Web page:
To put it bluntly, we live in an age of spin.
Despite the advent of information-communication technologies, a free worldwide Web, and more information at our fingertips than at any point in human history, we are drowning in information and misinformation. People, no matter the age, have trouble differentiating facts, opinions, deceptions, and inferences from one another. This isn't the only troubling aspect of our age of spin.
I teach at a local community college, where students are tasked with trying to understand the utterly confusing world and the Internet. We use tools like whois, the Internet Archive's Wayback Machine, and specialized databases provided by our library, in order to find the very best sources of information. Amidst the chaos, students give in. They look to the easier sources (Think: easier to find, easier to access, and easier to read and comprehend). I don't blame them. Their peers do the same thing. Their elders do too. This is a troubling development, and something needs to be done about it. We have become information fatigued, and it's starting to hurt us, both politically and intellectually.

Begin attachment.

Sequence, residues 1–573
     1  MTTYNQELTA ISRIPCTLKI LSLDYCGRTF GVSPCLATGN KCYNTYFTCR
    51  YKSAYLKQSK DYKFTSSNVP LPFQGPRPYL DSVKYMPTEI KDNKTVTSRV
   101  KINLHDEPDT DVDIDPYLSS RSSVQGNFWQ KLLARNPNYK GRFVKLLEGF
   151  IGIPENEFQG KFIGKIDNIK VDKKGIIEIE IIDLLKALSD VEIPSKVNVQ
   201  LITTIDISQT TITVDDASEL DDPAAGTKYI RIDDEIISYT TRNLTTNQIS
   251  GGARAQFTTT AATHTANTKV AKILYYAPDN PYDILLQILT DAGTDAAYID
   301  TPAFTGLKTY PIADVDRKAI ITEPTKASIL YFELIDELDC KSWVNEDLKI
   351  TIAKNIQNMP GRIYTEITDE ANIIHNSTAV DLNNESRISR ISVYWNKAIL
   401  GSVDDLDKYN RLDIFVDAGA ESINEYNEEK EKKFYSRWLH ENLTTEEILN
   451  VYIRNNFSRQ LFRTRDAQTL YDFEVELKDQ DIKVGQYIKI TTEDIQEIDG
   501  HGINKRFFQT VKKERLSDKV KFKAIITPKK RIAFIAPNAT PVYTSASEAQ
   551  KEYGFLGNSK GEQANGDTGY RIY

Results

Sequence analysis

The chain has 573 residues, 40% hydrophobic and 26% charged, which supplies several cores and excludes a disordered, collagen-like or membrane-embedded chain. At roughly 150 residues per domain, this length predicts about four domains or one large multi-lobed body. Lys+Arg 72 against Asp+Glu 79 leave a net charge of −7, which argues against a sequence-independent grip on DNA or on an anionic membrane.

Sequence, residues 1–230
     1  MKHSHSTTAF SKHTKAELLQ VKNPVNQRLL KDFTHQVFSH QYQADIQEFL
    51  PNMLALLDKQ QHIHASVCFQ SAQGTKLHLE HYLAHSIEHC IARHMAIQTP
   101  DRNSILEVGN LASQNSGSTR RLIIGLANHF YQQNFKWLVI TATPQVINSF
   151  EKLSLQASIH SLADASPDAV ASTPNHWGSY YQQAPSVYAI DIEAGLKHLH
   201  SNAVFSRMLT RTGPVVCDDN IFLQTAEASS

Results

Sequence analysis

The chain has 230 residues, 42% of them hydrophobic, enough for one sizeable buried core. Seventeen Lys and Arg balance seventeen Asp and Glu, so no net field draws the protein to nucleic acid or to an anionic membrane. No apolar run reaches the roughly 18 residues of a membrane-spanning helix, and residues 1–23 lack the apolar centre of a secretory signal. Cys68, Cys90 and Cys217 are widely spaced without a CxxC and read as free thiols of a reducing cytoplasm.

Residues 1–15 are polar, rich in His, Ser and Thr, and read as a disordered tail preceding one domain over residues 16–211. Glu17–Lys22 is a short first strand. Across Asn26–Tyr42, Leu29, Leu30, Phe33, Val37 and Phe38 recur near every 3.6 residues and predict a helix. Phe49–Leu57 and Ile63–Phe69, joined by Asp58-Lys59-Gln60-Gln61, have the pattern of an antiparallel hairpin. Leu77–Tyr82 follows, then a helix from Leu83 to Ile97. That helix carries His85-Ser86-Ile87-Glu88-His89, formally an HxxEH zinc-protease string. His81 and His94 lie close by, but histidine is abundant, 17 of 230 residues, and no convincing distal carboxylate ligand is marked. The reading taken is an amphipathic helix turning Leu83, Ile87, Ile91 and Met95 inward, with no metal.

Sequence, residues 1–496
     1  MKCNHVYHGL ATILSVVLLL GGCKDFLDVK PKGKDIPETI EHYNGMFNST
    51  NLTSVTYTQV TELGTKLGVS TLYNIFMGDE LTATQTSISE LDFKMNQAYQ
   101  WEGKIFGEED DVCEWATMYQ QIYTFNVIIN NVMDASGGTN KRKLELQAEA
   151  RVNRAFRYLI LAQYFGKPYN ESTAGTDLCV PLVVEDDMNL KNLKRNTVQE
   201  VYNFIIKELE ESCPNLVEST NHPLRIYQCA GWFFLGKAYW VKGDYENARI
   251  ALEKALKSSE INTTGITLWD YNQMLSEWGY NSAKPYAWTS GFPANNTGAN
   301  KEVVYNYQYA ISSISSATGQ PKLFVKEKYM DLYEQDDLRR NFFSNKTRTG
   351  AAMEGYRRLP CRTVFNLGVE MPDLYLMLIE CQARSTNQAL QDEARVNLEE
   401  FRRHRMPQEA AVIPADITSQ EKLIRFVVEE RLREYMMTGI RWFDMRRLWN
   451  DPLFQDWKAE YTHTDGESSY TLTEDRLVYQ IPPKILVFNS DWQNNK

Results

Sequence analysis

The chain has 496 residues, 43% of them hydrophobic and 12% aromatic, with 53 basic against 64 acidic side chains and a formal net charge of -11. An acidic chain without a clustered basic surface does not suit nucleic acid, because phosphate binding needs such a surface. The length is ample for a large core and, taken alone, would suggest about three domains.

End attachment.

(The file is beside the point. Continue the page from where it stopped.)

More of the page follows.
How might journals like Palabras help students and members of the literary community overcome this chaos and avoid giving in to the temptation to use problematic sources like Wikipedia, Fox News, and so many others? I believe that journals like Palabras can offer readers a sanctuary, a place to witness civil discourse, and, more importantly, discover constructive (not destructive) conversations concerning the nature of a particular subject/topic. Although Palabras attempts to publish articles and essays that are factual, well-written, and well-researched, we are not perfect. Some things do push past our gatekeepers. Nevertheless, we can offer readers something to start their own conversations. As a starting point, we are simply pointing readers to those various directions that might benefit their understanding of a given topic or conversation in the long-term. Palabras and its published cohort do not pretend to be the ultimate authorities on any given subject. In fact, Palabras operates on the assumption that one cannot be a true expert in a field. It is impossible to do so and trying to be the end-all expert in a field is quite antithetical to academic discourse. Academic discourse is all about the conversation, the exchange of ideas and words between two or more parties. In the end, this is something that Palabras can offer its readers as well: a place of exchange, where all ideas can be fully (and truly) explored, without the spin, without the information fatigue.